Dell, Cloudera and Syncsort designed a new solution for Hadoop users – the Dell | Cloudera | Syncsort Data Warehouse Optimization – ETL Offload Reference Architecture.
Dell said its new solution will put the planning, design, construction and deployment process in order before transforming data into a ready state for analysis and loading it for business reporting. This process is called extract, transform and load or ETL.
“Our new solution, which now incorporates Syncsort, will bring the power of big data insights to a whole new set of users who were once unable to justify the costs and complications of previously available commercial solutions,” said Jim Ganthier, vice president and General Manager of Engineered Solutions and Cloud, Dell.
The company pointed out an increase in industry-wide skills gap due to the less availability of Hadoop expertise, coupled with higher demand for big data and analytics technologies.
Dell said traditional tools such as relational database management systems (RDBMS) and enterprise data warehouses (EDW), are not meeting the requirements of today’s business needs due to high costs, low performance and a lack of scalability.
IT research agency Gartner predicts 70 percent of Hadoop deployments will fail to meet cost savings and revenue generation objectives by 2018 due to skills and integration challenges.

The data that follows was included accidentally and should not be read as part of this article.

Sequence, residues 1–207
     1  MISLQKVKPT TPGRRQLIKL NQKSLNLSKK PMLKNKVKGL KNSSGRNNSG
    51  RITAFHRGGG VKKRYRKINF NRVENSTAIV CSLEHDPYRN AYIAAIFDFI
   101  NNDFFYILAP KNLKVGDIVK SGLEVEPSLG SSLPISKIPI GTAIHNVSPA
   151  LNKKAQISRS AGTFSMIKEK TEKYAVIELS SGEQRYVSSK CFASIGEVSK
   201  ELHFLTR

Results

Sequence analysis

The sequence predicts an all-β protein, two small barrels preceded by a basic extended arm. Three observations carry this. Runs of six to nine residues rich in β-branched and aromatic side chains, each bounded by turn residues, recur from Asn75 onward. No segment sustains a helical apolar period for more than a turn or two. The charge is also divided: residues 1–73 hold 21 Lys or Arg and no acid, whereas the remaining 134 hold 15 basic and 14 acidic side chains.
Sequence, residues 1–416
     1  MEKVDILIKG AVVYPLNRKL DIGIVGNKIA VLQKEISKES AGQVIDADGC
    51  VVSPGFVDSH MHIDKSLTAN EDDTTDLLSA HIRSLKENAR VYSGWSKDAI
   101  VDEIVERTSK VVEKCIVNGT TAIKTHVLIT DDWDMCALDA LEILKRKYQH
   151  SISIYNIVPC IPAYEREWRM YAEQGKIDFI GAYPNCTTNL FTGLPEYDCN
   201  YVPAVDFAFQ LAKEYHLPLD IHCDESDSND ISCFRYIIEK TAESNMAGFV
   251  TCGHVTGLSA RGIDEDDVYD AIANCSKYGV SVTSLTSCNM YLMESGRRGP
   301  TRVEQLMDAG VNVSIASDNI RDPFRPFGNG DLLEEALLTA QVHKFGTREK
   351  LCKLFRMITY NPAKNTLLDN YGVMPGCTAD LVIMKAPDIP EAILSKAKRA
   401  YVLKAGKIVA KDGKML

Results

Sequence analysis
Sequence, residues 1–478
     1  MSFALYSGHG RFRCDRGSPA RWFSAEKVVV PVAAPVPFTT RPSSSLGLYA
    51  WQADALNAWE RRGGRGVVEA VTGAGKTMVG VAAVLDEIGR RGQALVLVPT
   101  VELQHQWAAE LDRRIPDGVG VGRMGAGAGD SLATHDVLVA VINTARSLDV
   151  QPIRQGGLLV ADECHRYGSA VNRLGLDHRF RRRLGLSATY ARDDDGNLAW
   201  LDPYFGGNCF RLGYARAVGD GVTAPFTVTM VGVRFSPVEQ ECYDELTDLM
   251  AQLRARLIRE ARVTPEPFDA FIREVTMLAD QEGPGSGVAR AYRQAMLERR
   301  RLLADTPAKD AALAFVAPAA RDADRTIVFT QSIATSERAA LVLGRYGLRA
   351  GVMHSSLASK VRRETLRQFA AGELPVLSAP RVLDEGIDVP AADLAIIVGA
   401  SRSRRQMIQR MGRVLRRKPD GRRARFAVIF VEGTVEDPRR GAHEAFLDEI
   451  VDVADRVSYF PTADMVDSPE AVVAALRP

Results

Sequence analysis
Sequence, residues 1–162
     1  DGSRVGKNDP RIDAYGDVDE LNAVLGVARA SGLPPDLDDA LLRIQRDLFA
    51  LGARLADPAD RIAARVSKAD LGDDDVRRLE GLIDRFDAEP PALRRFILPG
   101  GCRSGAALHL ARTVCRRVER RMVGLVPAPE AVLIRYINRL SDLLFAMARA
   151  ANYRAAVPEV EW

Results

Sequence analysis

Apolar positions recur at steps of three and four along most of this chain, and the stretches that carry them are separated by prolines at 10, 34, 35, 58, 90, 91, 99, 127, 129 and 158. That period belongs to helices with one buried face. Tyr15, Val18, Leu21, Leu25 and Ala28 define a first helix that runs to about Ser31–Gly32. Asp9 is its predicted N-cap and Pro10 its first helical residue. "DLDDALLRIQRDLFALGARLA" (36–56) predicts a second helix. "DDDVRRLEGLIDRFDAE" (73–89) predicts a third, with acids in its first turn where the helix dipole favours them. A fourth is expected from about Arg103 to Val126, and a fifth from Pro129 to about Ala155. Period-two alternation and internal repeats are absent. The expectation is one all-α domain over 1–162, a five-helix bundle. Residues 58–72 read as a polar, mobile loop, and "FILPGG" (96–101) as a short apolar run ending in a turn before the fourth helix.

With that in mind, the Dell | Cloudera | Syncsort Data Warehouse Optimization – ETL Offload Reference Architecture is designed, tested and validated for customers looking for a cost-effective, faster, more efficient solution for ETL workloads, Dell said.
An efficiency test conducted by Dell proved that an entry-level technician created ETL jobs with the Dell | Cloudera | Syncsort solution 60 percent faster than an expert level senior engineer running the same scenario with do-it-yourself, open-source ETL solutions. Additionally, the entry-level technician was able to streamline ETL design by 53 percent, giving businesses the equivalent of four days back.
“End customer big data and analytic needs continue to evolve; they’re moving past general architectures in search of use case driven solutions that can solve real world problems,” said Tim Stevens, vice president, Corporate and Business Development, Cloudera.